You might assume that this room is used only in relation to historic or archaeological groups, but Elaine says that anybody can make a booking for public or private events. “We’ve had a christening party here in the past, so any social occasion is fine. We can have 36 sitting at tables, 48 sitting in rows and 60 standing. That’s the official capacity.”
There are facilities on site. “There was only ever room for one toilet but it has disabled access. The kitchen has everything you might need for refreshments. It has got an oven that you can heat things in,” said Elaine.
Previously the Museum has had to decline some potential Garden Room bookings because performers didn’t have insurance in place for their events but Elaine says they have now arranged cover. “We had an issue in the past with our public liability insurance not covering performers during Shaftesbury Fringe. But we’ve addressed that. And so hopefully we’ll get a lot more people using it, because it’s an ideal space for someone who wants to do a poetry reading or sell their book.”
The expanse of glass that gives the room its natural light and its views over the green slopes can make the space a little echoey. So the Museum wants to fit an induction loop, which will help some locals who are hard of hearing. “People with hearing aids do find the acoustics in here quite difficult, apparently. One of our previous stewards wouldn’t come to any social events here because of the acoustics. When there were a lot of people talking he couldn’t hear properly.”
Elaine hasn’t had quotes for the equipment but she’s got a rough idea of cost. “We’ve asked our museums advisor and she knows one that was put into a similar space. That was about £500 pounds,” said Elaine.
Gold Hill Museum is hosting a quiz to raise cash for the hearing loop. “We have a quiz planned on Friday 22nd February. We’re holding the quiz at the Heritage Suites in Bell Street – the Masonic Lodge. It’s 7pm for 7.30pm,” said Elaine. “It’s there because our Garden Room isn’t big enough to have enough people to make a quiz viable.” And of course, not everyone will be able to hear the questions in the Garden Room, as it currently stands.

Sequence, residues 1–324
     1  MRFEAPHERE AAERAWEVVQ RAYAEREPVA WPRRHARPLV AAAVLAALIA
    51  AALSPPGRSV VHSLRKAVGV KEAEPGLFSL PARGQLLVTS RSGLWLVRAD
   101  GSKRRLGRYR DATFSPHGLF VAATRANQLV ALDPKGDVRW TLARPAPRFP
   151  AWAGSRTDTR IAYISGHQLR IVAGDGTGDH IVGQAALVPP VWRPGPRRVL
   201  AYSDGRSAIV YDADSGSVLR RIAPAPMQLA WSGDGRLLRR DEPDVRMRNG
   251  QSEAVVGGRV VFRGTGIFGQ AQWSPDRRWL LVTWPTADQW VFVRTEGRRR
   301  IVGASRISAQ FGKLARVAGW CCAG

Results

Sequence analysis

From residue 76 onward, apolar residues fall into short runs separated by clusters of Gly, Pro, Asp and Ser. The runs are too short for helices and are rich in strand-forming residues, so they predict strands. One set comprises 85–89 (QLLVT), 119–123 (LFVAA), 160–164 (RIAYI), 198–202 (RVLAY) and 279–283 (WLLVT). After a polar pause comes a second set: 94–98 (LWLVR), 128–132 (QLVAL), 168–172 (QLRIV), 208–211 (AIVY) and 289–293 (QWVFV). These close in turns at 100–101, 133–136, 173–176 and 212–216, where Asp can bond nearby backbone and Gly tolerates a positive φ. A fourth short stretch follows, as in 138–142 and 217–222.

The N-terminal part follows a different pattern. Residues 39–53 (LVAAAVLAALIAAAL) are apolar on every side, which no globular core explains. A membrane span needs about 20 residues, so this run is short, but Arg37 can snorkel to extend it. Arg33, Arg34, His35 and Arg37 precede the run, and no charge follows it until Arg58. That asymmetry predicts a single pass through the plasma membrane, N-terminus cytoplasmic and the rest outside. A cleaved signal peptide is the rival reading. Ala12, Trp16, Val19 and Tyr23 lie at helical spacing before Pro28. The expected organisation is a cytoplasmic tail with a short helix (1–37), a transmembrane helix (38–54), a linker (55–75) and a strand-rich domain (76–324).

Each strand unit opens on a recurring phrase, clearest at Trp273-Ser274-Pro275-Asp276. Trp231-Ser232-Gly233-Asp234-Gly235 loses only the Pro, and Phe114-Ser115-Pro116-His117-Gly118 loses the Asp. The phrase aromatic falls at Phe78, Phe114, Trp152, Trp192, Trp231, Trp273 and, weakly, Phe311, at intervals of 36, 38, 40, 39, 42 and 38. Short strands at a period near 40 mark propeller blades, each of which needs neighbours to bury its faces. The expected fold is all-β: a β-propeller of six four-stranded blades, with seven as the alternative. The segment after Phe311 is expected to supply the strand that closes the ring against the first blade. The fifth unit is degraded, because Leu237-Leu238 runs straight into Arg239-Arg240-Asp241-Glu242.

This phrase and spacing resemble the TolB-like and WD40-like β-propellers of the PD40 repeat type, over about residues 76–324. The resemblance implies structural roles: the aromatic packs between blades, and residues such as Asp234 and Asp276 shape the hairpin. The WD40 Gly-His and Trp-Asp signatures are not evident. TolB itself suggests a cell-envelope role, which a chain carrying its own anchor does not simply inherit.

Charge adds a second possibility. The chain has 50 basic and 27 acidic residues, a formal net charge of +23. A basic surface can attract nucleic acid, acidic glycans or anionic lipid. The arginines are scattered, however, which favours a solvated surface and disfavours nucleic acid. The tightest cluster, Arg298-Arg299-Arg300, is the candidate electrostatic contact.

“It’s going to be a fish and chip quiz,” added Elaine. “It’s £10 and the food is included. We’re asking people to make teams of up to six. But if people can’t do that, then we’ll try and get them together in teams. People do need to book in advance because obviously for catering for fish and chips, we need to know how many to order.”
Even though this is a Gold Hill Museum fundraiser, Elaine says that it won’t be a history quiz! “Definitely not. It’s going to be very much a broad spectrum of questions.” You can book your tickets or book the Garden Room by emailing email@example.com
Copyright 2018 Keri Jones
Shire Hall in Dorchester was Dorset’s courthouse from 1797 until 1955. Through that time, it saw everything from the 1834 trial of the Tolpuddle Martyrs to the 1856 domestic abuse case that inspired Thomas Hardy to write ‘Tess of the D’Urbervilles’, to victims of mesmerism, child perpetrators and American GIs tried during the Second World War.
Alongside its human history lies Shire Hall’s intrinsic architectural value, as one of the best-preserved buildings of its kind. This is recognised in its Grade I listed status, awarded in 1950. It was designed by architect Thomas Hardwick. As well as being a well-known architect in his own right, Hardwick was also the architectural tutor of the artist J.M.W. Turner, before advising him to focus on his painting instead.
After ending its life as a court in 1955, Shire Hall was used as offices for West Dorset District Council (previously the Rural District Council), thus preserving the Georgian architecture for future generations.
This illustrated talk by Anne Brown, Learning Manager at the new Shire Hall Historic Courthouse Museum, is free to members of The Shaftesbury & District Historical Society, while non-members may pay £3 at the door.
David Carter, Trustee of Portland Museum, brings an illustrated talk about the eventful life and times of the founder, benefactor and first curator of Portland Museum, Dr Marie Stopes (1880-1958), to the January meeting of The Shaftesbury & District Historical Society. In 1923, in the wake of a protracted and ultimately unsuccessful libel case, Marie Stopes bought the Old Higher Lighthouse on Portland. In 1930 she was instrumental in the opening of Portland Museum and remained a Trustee until shortly before her death. Her ashes were to be scattered off Portland Bill. The young Marie Stopes achieved distinction in the predominantly male world of academia: she was the youngest recipient of a DSc degree from University College London, earned a PhD in botany from the University of Munich, and from 1904 to 1910 was the University of Manchester’s first female academic as a Lecturer in Palaeobotany. In 1913 she could not find a publisher for her book Married Love which offered advice on family planning. When it was eventually published in 1918 with the financial backing of her second husband it was reprinted five times in a year. Henceforward Marie Stopes’s name was to be associated with advocacy of methods of birth control, leading to controversy and conflict with establishment figures.
Click here for Keri Jones’s interview with David Carter about ‘The Dorset Woman Who Changed Opinion on Parenting and Relationships’ at ThisisAlfred.com
This talk is free to S&DHS members while non-members may pay £3 at the door.